Anyone wondering what might be the fatal flaw in Don't Ask, Don't Tell need look no further than the Chairman of the Joint Chiefs. In a surprisingly candid remark regarding the ridiculous Clinton compromise on gays in the military, Peter Pace, chairman of the Joint Chiefs of Staff, said that the policy was justified because, "my upbringing is such that I believe that there are certain things, certain types of conduct that are immoral," he told the Chicago Tribune. Pace also told the paper, "I believe that homosexual acts between individuals are immoral, and that we should not condone immoral acts."
Today, Pace did a half-assed retreat on the statement saying he should have focused his remarks on his support of the policy instead of his personal beliefs, but the cat is out of the bag.
For years now, opponents to gays serving openly in the military have said it was because their sexual orientation would be a distraction to straight service members and that would lead to a corrosion of unit cohesion. Unfortunately for those folks, the numbers don't back up their argument.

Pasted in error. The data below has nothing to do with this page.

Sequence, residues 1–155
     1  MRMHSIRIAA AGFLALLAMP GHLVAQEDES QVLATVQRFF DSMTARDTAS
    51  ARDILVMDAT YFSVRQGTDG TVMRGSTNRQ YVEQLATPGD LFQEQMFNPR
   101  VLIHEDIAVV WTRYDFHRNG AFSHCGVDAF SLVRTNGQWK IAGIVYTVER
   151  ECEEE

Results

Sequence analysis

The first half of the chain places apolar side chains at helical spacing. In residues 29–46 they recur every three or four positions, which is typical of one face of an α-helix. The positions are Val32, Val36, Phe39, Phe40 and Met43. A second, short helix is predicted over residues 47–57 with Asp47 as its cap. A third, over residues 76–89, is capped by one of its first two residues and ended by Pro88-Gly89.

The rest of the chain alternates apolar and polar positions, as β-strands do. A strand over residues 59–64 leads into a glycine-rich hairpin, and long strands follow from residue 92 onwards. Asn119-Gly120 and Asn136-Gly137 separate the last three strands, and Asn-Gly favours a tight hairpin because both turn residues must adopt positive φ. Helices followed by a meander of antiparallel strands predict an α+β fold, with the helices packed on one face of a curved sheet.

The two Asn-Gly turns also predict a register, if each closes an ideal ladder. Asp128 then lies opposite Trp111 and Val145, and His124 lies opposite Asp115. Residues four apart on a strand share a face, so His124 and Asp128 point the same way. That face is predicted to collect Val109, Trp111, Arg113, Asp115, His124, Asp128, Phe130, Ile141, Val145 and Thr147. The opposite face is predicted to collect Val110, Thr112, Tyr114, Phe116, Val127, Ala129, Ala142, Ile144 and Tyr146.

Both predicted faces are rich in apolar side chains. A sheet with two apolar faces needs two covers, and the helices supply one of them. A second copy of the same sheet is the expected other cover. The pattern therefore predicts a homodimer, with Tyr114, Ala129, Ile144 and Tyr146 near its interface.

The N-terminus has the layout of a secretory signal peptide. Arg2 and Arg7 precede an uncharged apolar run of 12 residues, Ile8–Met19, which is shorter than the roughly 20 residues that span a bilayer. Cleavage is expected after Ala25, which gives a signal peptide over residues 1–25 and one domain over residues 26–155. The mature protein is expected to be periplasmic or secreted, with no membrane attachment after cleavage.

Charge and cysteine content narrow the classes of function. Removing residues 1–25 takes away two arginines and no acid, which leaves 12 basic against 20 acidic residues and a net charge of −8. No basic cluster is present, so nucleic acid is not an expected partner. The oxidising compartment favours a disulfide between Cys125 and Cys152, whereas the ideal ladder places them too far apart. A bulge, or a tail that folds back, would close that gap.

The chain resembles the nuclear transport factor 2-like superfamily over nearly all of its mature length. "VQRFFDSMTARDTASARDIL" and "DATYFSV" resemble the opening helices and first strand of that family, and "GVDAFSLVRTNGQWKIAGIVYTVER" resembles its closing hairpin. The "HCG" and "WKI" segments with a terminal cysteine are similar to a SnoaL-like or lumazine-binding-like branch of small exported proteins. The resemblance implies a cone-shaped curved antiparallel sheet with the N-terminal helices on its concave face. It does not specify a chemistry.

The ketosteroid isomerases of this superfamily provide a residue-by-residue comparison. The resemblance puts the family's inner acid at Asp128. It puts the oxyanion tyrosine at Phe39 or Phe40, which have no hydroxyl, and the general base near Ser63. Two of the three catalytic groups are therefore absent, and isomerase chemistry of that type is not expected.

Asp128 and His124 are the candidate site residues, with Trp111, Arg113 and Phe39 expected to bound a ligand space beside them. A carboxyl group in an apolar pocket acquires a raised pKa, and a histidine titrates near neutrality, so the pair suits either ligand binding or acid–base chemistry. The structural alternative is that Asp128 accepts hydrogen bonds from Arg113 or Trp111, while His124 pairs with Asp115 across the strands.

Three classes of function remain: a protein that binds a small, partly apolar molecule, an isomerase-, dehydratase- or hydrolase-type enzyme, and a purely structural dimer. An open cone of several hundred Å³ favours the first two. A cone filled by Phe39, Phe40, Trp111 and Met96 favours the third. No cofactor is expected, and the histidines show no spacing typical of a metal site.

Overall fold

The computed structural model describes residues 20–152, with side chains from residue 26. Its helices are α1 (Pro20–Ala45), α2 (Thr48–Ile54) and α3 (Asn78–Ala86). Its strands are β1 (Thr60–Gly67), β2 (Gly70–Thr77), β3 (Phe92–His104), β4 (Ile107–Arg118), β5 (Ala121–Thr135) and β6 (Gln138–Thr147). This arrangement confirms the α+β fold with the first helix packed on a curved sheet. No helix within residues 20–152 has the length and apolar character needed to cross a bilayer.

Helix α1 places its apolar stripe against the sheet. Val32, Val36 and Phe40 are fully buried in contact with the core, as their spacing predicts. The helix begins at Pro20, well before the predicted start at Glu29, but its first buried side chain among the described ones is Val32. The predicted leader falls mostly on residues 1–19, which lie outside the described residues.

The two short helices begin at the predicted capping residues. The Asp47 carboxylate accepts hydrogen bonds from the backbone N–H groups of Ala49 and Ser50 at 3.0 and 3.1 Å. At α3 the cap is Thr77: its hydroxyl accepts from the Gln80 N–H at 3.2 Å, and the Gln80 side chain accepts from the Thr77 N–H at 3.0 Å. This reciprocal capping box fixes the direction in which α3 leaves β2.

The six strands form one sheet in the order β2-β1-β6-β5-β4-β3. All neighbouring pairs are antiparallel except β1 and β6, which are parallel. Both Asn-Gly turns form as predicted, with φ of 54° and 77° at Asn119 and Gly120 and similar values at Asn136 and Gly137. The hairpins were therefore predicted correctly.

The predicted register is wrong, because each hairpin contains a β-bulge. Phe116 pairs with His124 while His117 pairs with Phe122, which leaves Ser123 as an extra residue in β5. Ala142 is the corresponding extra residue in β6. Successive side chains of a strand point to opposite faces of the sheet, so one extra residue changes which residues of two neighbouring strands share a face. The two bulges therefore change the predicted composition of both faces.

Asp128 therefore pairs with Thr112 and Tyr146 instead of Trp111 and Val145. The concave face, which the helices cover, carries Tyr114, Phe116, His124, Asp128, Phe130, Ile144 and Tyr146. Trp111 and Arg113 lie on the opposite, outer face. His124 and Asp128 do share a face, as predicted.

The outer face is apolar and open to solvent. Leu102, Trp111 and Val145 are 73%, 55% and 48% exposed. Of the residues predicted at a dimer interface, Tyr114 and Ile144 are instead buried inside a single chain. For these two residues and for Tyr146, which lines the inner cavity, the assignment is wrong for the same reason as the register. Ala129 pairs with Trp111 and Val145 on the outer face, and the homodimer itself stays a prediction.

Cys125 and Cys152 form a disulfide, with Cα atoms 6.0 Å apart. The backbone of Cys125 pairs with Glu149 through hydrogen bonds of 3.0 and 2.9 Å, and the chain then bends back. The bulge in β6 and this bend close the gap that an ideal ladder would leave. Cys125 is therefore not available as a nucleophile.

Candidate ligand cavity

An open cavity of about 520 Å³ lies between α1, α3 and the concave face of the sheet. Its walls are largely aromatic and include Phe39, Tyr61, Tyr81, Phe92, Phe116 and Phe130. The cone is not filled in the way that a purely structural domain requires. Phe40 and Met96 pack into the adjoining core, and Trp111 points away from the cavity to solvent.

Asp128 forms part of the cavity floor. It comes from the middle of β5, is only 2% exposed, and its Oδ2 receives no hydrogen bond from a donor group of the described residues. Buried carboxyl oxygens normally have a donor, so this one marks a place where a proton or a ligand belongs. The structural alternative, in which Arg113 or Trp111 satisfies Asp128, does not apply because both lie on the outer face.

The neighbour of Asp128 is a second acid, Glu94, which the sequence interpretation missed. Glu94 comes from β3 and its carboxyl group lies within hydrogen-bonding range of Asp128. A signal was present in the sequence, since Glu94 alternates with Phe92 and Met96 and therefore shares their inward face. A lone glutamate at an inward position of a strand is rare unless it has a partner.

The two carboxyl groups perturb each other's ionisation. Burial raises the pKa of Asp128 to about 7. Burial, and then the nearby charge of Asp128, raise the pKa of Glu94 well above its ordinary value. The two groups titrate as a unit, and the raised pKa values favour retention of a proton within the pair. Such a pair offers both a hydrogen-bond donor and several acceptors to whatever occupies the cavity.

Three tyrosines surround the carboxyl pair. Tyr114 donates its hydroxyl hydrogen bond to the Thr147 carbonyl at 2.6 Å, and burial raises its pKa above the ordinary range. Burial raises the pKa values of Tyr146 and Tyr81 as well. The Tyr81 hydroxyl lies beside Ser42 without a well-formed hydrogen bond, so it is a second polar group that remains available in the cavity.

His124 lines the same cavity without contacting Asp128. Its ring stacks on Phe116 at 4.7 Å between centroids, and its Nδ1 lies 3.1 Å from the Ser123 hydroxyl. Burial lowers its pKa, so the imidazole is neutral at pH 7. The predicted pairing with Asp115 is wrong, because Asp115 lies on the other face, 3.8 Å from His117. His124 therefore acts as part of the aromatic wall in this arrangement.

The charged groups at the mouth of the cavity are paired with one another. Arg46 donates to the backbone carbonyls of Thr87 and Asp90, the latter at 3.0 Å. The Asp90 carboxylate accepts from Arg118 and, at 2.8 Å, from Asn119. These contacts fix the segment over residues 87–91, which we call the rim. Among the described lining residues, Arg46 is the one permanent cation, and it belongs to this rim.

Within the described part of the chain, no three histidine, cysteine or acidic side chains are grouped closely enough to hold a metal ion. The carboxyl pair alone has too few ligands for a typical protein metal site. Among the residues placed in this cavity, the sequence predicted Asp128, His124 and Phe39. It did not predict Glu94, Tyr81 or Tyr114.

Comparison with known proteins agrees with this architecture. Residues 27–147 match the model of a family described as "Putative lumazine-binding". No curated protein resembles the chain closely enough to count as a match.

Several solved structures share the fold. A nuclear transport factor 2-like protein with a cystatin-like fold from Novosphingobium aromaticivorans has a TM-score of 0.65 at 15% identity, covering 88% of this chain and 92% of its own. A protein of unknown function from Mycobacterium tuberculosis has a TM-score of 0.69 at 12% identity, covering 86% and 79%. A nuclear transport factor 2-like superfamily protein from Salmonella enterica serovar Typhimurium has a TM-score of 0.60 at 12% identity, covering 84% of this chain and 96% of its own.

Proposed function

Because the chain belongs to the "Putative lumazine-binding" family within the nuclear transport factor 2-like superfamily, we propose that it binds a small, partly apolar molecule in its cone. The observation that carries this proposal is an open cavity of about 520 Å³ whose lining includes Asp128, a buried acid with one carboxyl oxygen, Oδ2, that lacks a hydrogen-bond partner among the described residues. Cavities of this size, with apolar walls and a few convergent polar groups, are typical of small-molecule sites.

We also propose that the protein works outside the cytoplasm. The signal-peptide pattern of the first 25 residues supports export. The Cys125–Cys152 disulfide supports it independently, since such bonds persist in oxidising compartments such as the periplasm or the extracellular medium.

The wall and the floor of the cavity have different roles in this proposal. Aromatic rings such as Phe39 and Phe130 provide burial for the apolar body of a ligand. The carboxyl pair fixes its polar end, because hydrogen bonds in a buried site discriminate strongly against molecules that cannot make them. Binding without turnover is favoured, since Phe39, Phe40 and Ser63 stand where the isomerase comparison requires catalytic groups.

A Dec. 2006 Zogby poll of U.S. soldiers found that nearly three in four troops (73 percent) say "they are personally comfortable in the presence of gays and lesbians." (VIA ThinkProgress)So much for gays disrupting their fellow soldiers.
So the real reason is a personal, moral aversion to homosexuality. Is it right or fair or even SMART to dismiss 10,000 troops (including desperately needed Arabic speakers) based on your own moral code of judgement? What does the Chairman's statement signal to base commanders who are supposed to abide by the wink-wink, nudge-nudge, I won't ask if you don't tell policy?
This foolish semi-rule should be ditched.